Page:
Harkening back to Old Norse societies through the second and eighth centuries, a primarily agricultural period, a tribe or family could count their wealth and status by how many heads of cattle they owned. It makes sense because cattle were and still are an incredibly versatile asset to the farmer and paying customers, by supplying meat, milk, leather for shoes and clothes, as well as being able to pull plows and heavy carts. They also happen to be a portable asset, physically and financially, so it can be driven in a herd to another location and can also be sold or traded.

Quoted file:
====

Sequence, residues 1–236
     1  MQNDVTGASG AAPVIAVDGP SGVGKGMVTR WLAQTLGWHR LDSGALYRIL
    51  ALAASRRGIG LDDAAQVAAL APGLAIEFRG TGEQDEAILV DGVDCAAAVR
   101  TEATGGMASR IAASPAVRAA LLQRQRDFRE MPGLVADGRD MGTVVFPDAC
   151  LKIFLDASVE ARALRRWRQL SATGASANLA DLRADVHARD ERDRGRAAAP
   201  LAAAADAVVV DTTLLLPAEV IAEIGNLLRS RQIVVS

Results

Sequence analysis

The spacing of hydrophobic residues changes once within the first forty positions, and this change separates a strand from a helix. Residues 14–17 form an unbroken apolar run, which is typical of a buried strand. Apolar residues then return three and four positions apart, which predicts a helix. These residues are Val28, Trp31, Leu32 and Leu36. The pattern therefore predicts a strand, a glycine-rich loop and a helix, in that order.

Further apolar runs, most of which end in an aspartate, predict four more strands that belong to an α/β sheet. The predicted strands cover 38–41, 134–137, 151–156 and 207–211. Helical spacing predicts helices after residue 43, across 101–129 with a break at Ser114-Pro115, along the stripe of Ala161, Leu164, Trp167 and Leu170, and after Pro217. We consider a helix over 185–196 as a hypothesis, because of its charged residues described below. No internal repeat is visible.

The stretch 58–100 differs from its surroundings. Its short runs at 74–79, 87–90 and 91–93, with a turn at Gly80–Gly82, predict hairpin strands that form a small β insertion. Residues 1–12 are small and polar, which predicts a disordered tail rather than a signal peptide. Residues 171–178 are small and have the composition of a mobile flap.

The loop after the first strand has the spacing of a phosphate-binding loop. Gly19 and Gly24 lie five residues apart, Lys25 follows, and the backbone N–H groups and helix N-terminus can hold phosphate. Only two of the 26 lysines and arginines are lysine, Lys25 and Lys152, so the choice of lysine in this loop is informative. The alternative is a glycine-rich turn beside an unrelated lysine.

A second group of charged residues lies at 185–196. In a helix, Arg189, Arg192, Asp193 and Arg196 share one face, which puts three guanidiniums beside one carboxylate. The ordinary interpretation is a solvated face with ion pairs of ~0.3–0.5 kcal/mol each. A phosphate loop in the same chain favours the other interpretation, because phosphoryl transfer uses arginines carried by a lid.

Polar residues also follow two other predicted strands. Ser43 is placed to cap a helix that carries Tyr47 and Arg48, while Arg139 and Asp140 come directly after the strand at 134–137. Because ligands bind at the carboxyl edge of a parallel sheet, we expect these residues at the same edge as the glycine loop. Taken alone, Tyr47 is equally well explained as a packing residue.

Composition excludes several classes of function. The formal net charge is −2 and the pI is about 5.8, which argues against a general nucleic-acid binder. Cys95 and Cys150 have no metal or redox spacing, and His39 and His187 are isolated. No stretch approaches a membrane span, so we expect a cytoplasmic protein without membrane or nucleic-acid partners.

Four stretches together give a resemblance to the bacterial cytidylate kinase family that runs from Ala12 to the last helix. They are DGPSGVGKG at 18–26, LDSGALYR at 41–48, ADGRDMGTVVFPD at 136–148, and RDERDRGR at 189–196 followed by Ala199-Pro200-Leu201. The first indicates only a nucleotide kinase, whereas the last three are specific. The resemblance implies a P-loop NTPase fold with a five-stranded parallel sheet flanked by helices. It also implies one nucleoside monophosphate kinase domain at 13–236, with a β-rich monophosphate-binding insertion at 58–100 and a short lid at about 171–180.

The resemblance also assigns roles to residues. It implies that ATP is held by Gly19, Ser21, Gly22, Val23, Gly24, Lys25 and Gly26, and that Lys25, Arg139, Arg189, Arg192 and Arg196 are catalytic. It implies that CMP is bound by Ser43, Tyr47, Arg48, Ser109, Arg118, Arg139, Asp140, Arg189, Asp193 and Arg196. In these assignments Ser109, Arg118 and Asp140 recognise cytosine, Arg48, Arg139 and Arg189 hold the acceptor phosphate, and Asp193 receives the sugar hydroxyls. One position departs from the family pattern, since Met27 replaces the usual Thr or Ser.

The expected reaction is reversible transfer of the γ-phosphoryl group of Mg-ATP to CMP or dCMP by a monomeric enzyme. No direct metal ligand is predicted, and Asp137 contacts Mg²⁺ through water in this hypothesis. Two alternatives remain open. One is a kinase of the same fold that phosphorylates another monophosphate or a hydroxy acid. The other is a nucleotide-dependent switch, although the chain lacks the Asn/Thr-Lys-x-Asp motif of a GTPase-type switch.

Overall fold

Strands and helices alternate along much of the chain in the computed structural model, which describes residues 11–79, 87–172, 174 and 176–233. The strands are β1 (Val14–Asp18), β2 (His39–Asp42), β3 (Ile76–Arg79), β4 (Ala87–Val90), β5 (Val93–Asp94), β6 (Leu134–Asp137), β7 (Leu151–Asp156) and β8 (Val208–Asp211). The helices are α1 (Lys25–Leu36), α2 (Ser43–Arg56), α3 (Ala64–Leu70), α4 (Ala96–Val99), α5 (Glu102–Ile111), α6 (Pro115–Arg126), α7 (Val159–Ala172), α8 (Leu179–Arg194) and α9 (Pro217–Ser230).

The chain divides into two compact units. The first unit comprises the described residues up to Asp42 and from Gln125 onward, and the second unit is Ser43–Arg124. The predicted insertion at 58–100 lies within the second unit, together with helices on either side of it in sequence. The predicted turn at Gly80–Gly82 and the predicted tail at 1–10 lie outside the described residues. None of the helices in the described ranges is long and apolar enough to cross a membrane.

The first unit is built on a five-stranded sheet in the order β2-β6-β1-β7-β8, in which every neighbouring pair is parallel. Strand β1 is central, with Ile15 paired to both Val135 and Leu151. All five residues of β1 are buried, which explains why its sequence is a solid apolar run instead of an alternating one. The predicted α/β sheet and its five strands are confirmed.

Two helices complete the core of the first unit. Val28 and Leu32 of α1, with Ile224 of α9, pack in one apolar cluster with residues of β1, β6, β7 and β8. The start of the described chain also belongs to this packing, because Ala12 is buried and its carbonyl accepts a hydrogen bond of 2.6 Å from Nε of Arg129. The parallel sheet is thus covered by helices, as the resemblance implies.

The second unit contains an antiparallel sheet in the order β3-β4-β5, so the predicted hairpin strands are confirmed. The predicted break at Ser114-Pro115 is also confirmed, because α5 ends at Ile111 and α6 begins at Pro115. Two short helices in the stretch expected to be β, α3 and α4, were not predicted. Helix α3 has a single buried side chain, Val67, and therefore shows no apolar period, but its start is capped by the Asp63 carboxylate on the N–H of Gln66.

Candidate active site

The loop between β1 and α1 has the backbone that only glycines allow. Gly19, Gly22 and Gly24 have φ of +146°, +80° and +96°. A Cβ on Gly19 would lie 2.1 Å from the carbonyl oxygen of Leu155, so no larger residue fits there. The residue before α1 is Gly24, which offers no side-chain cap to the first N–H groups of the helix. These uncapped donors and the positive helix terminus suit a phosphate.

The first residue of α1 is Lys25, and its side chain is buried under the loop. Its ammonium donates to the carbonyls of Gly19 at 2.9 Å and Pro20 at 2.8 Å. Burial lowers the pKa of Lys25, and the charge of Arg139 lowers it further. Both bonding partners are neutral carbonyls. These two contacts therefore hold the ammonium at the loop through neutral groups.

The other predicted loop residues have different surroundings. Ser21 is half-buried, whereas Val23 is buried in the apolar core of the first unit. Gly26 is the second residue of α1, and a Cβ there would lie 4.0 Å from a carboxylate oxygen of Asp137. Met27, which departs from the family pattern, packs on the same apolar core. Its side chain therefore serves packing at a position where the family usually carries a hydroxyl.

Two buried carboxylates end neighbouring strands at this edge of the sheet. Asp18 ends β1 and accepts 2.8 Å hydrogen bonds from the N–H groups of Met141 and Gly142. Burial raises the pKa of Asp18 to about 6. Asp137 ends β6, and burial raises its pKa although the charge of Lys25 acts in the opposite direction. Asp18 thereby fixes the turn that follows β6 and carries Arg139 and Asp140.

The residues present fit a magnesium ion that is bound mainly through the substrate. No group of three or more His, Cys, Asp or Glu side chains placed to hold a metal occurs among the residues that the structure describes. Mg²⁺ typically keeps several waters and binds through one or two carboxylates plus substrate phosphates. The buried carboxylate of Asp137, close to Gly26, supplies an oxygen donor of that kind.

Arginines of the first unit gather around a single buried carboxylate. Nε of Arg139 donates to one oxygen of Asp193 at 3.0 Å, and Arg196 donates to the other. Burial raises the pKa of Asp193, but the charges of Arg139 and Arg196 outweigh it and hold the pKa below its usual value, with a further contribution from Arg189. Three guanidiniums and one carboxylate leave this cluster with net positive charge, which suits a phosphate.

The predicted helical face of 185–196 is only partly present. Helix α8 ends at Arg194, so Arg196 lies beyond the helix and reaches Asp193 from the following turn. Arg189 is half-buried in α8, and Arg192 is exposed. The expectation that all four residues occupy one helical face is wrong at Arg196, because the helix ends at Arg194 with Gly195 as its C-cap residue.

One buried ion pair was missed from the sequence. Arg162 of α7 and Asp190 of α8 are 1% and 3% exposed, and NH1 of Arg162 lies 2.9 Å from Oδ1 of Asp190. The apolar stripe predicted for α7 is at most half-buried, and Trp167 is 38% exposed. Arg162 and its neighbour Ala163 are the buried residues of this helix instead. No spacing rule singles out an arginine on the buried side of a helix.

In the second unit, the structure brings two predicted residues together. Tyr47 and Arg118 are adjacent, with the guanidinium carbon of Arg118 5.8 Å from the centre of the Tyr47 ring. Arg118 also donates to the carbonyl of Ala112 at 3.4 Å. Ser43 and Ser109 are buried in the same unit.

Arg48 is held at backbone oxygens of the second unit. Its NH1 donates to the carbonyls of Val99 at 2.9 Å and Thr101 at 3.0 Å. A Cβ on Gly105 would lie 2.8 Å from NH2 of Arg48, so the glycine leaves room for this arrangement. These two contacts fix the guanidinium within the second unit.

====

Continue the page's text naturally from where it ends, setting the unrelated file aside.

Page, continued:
Fireweed is the follower of boreal forest fires and is the official flower of the Yukon. It grows in blazing-magenta abundance all over the territory and throughout the rest of Canada and Alaska as well. Fireweed is tremendously hardy—as an example, one year after the volcanic eruption of Mount St. Helens in Washington state, 81% of all seedlings present on the mountainside were fireweed. The most prominent plant visible after any boreal forest fire is almost always fireweed. The fruit of the fireweed can contain as many as five hundred seeds and a single plant can produce as man as 80,000 seeds per year. Despite its high seed production, fireweed propagates most successfully through its rhizomes, or spreading root system. It also helps stabilize the soil and reduces erosion while the burn area regenerates.